General Liability Concerns for Sportsplexes
Sportsplex owners and operators face unique issues in the purchasing of their General Liability policy. Purchasing General Liability insurance for any sports organization can be challenging due to the limited number of quality insurance carriers; however, the available marketplace for sportsplexes is even more limited. While quality insurance carriers are readily available to write General Liability for teams/leagues/camps/individual sports instruction, there are probably less than five insurance carriers that will consider writing a sportsplex on an acceptable policy form.
Coverage can be even more difficult to obtain for the “start up” sportsplex in a newly designed facility or if the management has less than three years of experience in operating a sportsplex. The insurance carriers believe that a newly designed facility has not had adequate time to uncover all of the unforeseen perils due to design issues that could unexpectedly lead to spectator or player injuries.
Unfortunately, sportsplexes are much more complicated to insure as compared to teams/leagues/camps/individual sports instructors. The typical sportsplex has the following exposures to liability:
TEAMS/LEAGUES: includes both the actual managing of teams/leagues by the sportsplex and the leasing of facilities to other teams/league that manage their own operations. In cases where the facilities are leased to other teams/leagues, proof of adequate Accident and General Liability insurance must be obtained. Waiver/release forms must be required on behalf of all participants whether managed by the sportsplex or by a team/league that is leasing the facilities.
CAMPS/CLINICS/INDIVIDUAL SPORTS INSTRUCTORS: includes both the actual managing of camps/clinics/individual sports instructors and the leasing of facilities to other organizations to conduct these activities. In cases where the facilities are leased to other camps/clinics/individual sports instructors, proof of adequate Accident and General Liability insurance must be obtained. Waiver/release forms must be required on behalf of all participants whether managed by the sportsplex or by the camps/clinics/individual sports instructors that are leasing the facilities.
SPECIAL EVENTS: includes birthday parties, sleepovers, company social outings, etc. Waiver/release forms should be required.
DROP INS FROM PUBLIC: members of the public pay drop in fees to participate in sports and recreation activities for a single day. Waiver/release forms should be required.
SALES OF PRODUCTS: includes sales of food, drinks, alcoholic beverages, sporting goods, clothes, etc.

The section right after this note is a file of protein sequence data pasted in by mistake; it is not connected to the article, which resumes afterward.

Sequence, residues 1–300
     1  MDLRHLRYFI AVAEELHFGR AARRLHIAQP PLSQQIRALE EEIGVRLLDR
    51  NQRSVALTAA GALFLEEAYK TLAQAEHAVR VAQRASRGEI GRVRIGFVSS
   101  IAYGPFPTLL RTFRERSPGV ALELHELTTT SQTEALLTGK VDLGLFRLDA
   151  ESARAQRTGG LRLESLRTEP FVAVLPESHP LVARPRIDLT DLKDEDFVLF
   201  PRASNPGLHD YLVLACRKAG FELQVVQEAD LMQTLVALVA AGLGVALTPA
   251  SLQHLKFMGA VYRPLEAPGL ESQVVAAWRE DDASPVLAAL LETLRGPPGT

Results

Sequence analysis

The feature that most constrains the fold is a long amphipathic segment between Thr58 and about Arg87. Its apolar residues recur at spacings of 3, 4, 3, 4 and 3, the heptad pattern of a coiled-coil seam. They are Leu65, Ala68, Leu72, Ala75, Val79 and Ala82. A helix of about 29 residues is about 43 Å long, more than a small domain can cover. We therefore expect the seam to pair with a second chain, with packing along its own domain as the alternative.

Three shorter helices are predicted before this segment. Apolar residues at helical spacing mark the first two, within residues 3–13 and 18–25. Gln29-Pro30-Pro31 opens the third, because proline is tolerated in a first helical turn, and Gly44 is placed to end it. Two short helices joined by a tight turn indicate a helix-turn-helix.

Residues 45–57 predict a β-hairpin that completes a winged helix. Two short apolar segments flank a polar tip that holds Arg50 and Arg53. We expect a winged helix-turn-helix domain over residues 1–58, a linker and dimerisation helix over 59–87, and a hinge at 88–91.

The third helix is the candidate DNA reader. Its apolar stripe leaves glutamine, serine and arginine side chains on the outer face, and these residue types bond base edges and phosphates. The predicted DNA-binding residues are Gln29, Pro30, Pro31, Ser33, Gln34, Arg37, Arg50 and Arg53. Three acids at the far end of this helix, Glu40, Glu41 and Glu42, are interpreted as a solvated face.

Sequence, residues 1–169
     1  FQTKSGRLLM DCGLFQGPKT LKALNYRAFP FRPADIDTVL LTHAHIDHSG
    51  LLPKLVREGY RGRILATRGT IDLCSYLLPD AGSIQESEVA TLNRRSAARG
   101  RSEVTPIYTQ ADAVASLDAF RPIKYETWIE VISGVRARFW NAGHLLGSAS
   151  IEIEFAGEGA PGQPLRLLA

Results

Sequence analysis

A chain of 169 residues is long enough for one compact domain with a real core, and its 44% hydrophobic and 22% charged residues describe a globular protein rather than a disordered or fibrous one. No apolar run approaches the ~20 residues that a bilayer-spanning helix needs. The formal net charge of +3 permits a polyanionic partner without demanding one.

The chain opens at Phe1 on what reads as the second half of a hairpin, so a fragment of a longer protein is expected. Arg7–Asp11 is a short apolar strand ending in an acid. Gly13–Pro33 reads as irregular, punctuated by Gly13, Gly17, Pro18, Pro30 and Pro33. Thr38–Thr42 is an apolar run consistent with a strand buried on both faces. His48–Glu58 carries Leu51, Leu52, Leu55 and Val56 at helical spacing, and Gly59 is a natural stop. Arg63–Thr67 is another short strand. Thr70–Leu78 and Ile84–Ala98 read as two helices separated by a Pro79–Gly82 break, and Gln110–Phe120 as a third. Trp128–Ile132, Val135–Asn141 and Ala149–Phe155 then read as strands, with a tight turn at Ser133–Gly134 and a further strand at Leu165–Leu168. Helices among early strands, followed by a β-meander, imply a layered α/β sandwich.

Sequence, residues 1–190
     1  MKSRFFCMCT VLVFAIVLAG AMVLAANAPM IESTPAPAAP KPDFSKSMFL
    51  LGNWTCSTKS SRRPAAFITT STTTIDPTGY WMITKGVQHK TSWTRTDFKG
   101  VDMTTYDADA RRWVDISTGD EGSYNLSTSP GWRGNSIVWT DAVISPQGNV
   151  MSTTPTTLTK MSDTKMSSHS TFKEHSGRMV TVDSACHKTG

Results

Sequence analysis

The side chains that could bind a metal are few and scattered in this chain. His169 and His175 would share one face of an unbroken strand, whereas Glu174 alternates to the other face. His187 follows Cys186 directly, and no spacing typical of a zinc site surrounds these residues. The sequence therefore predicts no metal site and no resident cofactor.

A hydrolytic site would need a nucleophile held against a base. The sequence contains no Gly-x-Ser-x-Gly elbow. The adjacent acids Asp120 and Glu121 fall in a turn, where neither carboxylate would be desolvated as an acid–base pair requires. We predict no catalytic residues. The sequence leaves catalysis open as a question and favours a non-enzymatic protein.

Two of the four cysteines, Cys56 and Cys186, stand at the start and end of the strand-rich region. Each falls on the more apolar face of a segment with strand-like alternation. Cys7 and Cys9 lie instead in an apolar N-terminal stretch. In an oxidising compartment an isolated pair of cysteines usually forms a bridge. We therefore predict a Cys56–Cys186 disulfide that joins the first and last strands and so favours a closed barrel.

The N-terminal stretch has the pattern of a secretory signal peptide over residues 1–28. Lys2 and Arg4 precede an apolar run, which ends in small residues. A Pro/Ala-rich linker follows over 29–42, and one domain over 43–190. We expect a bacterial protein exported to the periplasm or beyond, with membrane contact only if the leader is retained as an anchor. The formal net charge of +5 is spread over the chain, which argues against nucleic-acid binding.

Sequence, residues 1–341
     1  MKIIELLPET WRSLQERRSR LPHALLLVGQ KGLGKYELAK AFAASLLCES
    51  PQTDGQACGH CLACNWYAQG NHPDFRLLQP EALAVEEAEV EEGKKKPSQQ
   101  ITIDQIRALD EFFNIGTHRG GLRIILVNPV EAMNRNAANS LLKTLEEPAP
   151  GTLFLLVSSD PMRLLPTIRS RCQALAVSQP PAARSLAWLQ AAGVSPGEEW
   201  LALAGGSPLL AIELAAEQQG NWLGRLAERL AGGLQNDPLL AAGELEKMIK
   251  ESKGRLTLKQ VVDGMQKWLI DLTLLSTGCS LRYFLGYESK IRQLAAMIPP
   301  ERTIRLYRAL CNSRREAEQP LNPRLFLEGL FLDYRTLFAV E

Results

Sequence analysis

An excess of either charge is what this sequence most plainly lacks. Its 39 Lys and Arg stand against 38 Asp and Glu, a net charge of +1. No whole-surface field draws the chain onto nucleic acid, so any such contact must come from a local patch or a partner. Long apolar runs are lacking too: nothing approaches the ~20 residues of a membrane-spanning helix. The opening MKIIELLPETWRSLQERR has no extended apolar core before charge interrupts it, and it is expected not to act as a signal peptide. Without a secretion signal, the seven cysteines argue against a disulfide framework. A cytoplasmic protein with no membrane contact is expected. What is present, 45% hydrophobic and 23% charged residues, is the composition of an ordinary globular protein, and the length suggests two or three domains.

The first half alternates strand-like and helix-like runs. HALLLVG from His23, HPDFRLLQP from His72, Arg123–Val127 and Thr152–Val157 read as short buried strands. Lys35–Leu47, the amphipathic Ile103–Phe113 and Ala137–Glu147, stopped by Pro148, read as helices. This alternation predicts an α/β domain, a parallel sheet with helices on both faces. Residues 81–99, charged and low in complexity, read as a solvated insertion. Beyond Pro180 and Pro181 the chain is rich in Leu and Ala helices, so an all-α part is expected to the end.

24 HOUR PREMISES EXPOSURE: since sportsplexes own their facilities or are under a long term lease, they are responsible for injuries that occur after hours and during the off season (if any).
General Liability Basics
The standard General Liability policy form pays covered claims alleging “bodily injury”, “property damage”, and “personal/advertising injury” caused by an “occurrence” and not subject to the standard policy exclusions or any non standard policy exclusions that may have been added by special endorsement. The typical types of claims filed against sportsplexes include spectator slip/trip/fall injuries and injuries to sports participants.
A General Liability policy should have the following basic limits:
Each Occurrence: $1,000,000
General Aggregate: $2,000,000 (preferable to be reinstated per event)
Products/Completed Operations Aggregate: $2,000,000
Personal/Advertising Injury: $1,000,000
Damage To Premises Of Others: $300,000
Premises Medical Expense Payments: $5,000 (usually does not apply to athletic participants)
Occurence vs. Claims Made
A sportsplex should always buy an “occurrence” policy form instead of a “claims made” policy form. The superior “occurrence” policy form pays covered claims as long as the policy is in force when the injury occurs. It does not matter if the policy is subsequently cancelled and a claim is later filed. On the other hand, the inferior “claims made” policy form pays covered claims only if: 1) the policy is in force when the injury occurs and 2) the same policy or renewal of the same policy is in effect when the claim is filed (unless the Extended Reporting Period provision is activated). A “claims made” policy is risky for a sports organization such as a sportsplex because a sports participant who is a minor can wait until the age of majority (usually 18 in most states) plus an additional two years for the statute of limitations to run before filing a lawsuit. In some cases, this could be a period of 15 years. “Claims made” policy forms provide too many opportunities for problems to arise if a new carrier is selected upon renewal or if the policy is non renewed or cancelled due to non payment of premium.
Special Considerations for Sportsplexes
WARRANTY OF ACCIDENT INSURANCE: Most General Liability carriers that insure sportsplexes will require that Excess Accident insurance be carried on all participants (both by the programs run by the sportsplex and by other sports organizations that lease the facility); otherwise, the General Liability coverage may be voided. The reason for this requirement is because Accident insurance acts like a first line of defense to protect the General Liability carrier from paying a claim. If the Excess Accident policy guarantees that the injured participant (or parent) will not have to incur out of pocket medical bills, this takes away much of the incentive to file a lawsuit. Most General Liability carriers require the Excess Accident limit to be at least $25,000. However, there are some General Liability carriers that do not require that Accident insurance be carried. This can result in savings on the front end to the sportsplex but such savings will not be realized in the long term if a resulting lawsuit (that could have been prevented by carrying Accident insurance) causes a significant increase in General Liability renewal pricing or if a renewal can’t be obtained at any price.
WARRANTY OF WAIVER/RELEASE: most General Liability carriers that insure sportsplexes require that an approved waiver/release form be signed by all participants (and parents in the event the participant is a minor);otherwise, coverage may be voided in the event of injury to a participant.